Throughout New English Canaan, Thomas Morton more often resorts to brief essays and loosely related anecdotes rather than to continuous historical narration. The lack of narrative continuity can be attributed in large part to the generically hybrid status of the text. Although it is most often referred to by critics as a promotional tract, Morton’s New English Canaan also read at times like a natural history, an ethnography, and a political pamphlet. In the first two sections of his three-part text, Morton follows the format adhered to by many other writers of promotional literature: he offers readers information about New England’s native inhabitants and its natural resources. Echoing opinions voiced by early English explorers and colonial commentators like Thomas Harriot and Richard Hakluyt, Morton argues that New England is a valuable region inhabited by friendly natives, a region that well deserves English colonization. In the third part of New English Canaan, Morton makes explicit his larger purpose in writing his tract—namely to suggest that England’s colonial effort is being hampered by the Separatist colonists of Plymouth and their Puritan allies. In this section of his text, Morton offers readers an alternative version of many of the same events of 1620–1630 that William Bradford recounts from an opposing point of view in his history of Plymouth Plantation. In his version, Morton tries to counter Bradford’s portrayal of him as a lawless and unscrupulous troublemaker. Instead, he suggests that his various disputes with the Plymouth colonists resulted from their own intolerance and lack of respect for someone who does not adhere to their austere brand of Christianity. In so doing, Morton provides an English context within which to read his version of colonial events. Morton’s English readers would have readily recognized him as a “Cavalier,” a term used loosely to refer to English people who supported the authority of the king and the Church of England and opposed the political and religious reforms advocated by the Puritans.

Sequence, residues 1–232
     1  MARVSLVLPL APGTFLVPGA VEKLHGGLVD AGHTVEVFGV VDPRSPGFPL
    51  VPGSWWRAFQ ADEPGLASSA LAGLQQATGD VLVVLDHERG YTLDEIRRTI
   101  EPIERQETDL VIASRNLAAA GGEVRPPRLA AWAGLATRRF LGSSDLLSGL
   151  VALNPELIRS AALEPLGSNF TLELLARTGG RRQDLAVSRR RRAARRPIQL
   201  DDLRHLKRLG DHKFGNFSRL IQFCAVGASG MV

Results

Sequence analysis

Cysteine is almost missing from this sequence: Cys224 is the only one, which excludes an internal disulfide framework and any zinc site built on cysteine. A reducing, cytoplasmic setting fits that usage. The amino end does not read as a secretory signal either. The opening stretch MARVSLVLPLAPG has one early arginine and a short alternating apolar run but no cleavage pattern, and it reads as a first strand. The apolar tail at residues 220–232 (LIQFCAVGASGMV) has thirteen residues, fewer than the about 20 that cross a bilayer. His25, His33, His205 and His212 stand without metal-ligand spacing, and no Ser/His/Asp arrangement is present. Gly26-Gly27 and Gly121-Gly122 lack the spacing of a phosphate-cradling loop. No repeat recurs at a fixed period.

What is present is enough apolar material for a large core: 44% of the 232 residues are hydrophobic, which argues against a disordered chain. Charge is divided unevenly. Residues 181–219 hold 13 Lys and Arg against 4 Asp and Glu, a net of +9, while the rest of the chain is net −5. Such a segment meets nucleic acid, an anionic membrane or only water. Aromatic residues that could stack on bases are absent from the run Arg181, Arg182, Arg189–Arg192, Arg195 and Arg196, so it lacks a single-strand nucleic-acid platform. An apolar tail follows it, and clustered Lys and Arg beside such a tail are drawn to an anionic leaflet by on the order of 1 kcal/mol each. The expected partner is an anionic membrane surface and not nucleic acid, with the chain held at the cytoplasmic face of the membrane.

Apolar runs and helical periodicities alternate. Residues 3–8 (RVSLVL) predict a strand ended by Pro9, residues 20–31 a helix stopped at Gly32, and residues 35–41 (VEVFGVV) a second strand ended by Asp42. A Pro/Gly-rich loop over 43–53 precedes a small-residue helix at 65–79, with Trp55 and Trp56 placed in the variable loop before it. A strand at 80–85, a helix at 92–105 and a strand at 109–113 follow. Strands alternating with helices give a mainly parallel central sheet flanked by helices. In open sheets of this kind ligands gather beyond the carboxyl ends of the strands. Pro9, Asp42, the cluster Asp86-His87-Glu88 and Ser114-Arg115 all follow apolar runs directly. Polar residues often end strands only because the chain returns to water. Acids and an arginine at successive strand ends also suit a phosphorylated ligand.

In addition to his endorsement of the politics of the Cavaliers, Morton embraces their literary values as well. Rejecting texts written in the so-called “plain style” favored by the Puritans, Cavaliers generally preferred writing that drew attention to itself with its ornate or flowery style. The three opening dedicatory poems, written by supporters of Morton and included in the 1637 edition of the text, suggest that Morton wished to appeal to a readership that valued things explicitly literary. And by self-consciously fashioning his New English Canaan as a flamboyantly mock-heroic epic, Morton would have pleased just such an audience. The same can be said for Morton’s other literary flourishes, such as attaching titles like those found in Jacobean comedy to his main characters. Referring to himself as “the Great Monster” and to Miles Standish as “Captain Shrimp,” Morton turns his caricature of the Puritans into a parody of knightly romance in the manner of Don Quixote. To the extent that Morton adheres to the stylistic tastes of the Cavaliers, he reveals the ways in which American colonial writing was often produced against the backdrop of the English literary landscape.